Kyrgyzpatent reduces application time – The Kyrgyzstan IP office (Kyrgyzpatent) has confirmed that it aims to reduce the processing period for IP applications to seven months. The current processing time for trademark applications is 12 months. It is understood that relevant draft laws will shortly be submitted for public discussion to implement the reduction. (TJL)

CIPO examination backlog worsens, but optimism remains – In May WTR spoke to local practitioners about the ongoing delays in examination at the Canadian Intellectual Property Office (CIPO). We learned that a combination of major changes made to the Canadian Trademarks Act, acceding to the Madrid Protocol and moving to the Nice Classification system, limited resources, high staff turnover, a rise in overall filings and the covid-19 pandemic had led to 79.1% of all applications filed between April 2018 and April 2021 still awaiting CIPO examination. At the time, CIPO had announced a series of new measures to combat this, including prioritising applications using an updated pre-approved goods and services list. This week, Deeth Williams Wall (DWW) has published an article stating that backlogs in first examination of most applications are getting worse, with first examination ranging from 16 to 32 months from filing. “It is like watching a snail pause to catch its breath,” the report states. However, the firm gives reasons for applicants to remain optimistic. “Once CIPO manages to get through the backlog of approximately 38,000 applications filed before June 17, 2019 awaiting examination, examination should speed up, since Canadian applications filed after that date are required to be divided into classes of goods and services pursuant to the Nice Convention,” it assures. What is more, CIPO is continuing to hire new examiners and the effects of the pandemic are (hopefully) beginning to wane. CIPO’s goal is to reduce first examination time to 18 months by March 2025, and DWW is hopeful that the snail will soon pick up the pace. (VA)

Interim deputy director Coke Stewart departs USPTO – The USPTO has announced that Coke Stewart, performing the functions and duties of the deputy undersecretary of commerce for intellectual property and deputy director of the USPTO, will be departing the USPTO to join the faculty at the Regent University School of Law in Virginia Beach, Virginia. Stewart’s previous roles at the USPTO include senior adviser to the director, senior counsel for patent law and litigation, senior counsel to the director and acting chief of staff. “Coke has been an invaluable asset and a well-respected member of our team,” said Drew Hirshfeld, performing the functions and duties of the undersecretary of commerce for intellectual property and director of the USPTO. “She has served in many important roles…  and will be sorely missed.” (VA)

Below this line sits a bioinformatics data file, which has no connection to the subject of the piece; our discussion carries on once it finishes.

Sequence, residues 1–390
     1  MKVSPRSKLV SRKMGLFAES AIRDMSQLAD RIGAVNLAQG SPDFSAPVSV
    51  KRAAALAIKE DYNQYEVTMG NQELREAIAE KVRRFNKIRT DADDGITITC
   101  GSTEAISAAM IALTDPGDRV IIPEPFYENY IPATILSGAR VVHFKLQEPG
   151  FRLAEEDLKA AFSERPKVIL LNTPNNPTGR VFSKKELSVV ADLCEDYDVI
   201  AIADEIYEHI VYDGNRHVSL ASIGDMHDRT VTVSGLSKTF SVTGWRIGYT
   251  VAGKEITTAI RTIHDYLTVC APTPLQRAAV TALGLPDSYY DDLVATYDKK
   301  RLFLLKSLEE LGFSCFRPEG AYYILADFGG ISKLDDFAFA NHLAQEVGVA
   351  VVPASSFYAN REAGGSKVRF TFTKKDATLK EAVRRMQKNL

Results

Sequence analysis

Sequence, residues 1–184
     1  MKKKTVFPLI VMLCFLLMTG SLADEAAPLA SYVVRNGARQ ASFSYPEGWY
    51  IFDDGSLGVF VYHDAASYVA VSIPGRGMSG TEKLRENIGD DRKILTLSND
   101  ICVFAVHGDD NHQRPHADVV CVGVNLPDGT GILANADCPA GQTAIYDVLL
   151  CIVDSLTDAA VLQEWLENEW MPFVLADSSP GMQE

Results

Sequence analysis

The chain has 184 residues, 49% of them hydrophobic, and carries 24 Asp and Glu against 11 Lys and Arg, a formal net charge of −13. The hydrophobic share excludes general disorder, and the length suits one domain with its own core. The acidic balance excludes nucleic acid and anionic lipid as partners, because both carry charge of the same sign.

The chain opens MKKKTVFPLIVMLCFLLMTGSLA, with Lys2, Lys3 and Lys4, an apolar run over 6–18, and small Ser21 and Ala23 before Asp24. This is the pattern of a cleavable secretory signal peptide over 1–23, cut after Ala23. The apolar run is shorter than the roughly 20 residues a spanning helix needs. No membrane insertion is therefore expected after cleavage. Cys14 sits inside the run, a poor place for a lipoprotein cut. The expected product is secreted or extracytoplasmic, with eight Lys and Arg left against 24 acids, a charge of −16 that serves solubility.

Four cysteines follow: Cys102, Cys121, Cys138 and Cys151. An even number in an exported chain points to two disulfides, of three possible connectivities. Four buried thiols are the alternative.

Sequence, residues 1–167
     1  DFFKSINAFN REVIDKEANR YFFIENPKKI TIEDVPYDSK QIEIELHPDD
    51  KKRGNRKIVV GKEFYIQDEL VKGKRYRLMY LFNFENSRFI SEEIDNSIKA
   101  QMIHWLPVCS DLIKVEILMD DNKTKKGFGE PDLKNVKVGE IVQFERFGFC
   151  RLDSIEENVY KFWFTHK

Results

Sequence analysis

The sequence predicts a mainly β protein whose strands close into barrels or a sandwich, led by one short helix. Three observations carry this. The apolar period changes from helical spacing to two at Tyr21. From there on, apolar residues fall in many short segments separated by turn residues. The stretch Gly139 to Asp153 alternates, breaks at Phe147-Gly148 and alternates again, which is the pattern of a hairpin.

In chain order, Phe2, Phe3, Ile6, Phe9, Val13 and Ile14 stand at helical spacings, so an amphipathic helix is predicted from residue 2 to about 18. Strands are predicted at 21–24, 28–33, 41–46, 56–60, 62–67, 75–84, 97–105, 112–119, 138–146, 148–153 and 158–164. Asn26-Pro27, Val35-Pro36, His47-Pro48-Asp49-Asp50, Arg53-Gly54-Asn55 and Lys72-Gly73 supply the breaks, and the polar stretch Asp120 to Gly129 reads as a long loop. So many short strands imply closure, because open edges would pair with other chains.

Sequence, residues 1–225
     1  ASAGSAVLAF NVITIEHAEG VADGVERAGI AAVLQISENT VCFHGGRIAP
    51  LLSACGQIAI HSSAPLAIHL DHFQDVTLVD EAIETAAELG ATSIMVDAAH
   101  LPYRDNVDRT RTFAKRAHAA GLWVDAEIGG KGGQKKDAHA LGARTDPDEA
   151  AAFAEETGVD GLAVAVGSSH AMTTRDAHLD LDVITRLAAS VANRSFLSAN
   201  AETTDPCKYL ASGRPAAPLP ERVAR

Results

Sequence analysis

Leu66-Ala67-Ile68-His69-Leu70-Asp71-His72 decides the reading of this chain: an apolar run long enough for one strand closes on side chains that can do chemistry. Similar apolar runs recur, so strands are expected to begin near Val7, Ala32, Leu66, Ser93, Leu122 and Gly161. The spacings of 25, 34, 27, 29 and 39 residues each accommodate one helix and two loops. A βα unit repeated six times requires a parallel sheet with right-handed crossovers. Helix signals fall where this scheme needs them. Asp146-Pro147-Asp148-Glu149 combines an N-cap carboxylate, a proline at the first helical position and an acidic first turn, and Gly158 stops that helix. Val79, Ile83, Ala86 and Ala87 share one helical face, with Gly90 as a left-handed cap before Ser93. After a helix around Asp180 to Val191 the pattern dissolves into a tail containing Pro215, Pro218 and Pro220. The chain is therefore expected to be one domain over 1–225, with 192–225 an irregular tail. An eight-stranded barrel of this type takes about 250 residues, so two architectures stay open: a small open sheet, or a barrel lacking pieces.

Law firm radar:

Rajesh Patel joins Vinson & Elkins – Vinson & Elkins has strengthened its technology transactions and IP practice with the hire of Rajesh Patel. A former engineer, Patel advises clients on patent, trademark and copyright matters. He will be based in the firm’s Houston office. “The technology industry is constantly evolving, but our dedication to providing best-in-class legal service to our clients – from emerging companies to established leaders – is constant,” said Devika Kornbacher, head of Vinson & Elkins’ technology transactions team and cybersecurity and data privacy practice. “Rajesh has impressive experience, from his time as an engineer, in-house counsel and at a law firm, that will provide valuable perspective as clients face new opportunities and challenges amid rapid change.” Patel joins the firm from King & Spalding, where he was a member of the corporate, finance and investment practice. (BD)

And finally...

WTR events announced for Europe and the United States WTR is pleased to announce that it will be hosting a series of one-day events in London, San Francisco, Chicago and New York this December. WTR Live: The Future of Trademark Management and Brand Protection will facilitate discussion, benchmarking and the sharing of best practice around key topic areas and challenges facing brand leaders. Crucially, it will offer a glimpse into what industry leaders expect the future of trademark practice to look like. Registration is free to in-house brand professionals. Spaces are limited and should we be unable to host the event, registration fees will be fully refundable. While on site, we will be adopting the All Secure Standard to ensure that all attendees can continue to do business effectively and network with their peers safely. For full details, and to reserve a place, see the official event page.

Bridget Diakun

Data reporter | World Trademark Review

[email protected]

Tim Lince

Author | Special Projects Editor

[email protected]

Tim Lince

Victoria Arnold

Author | News Reporter

[email protected]

Victoria Arnold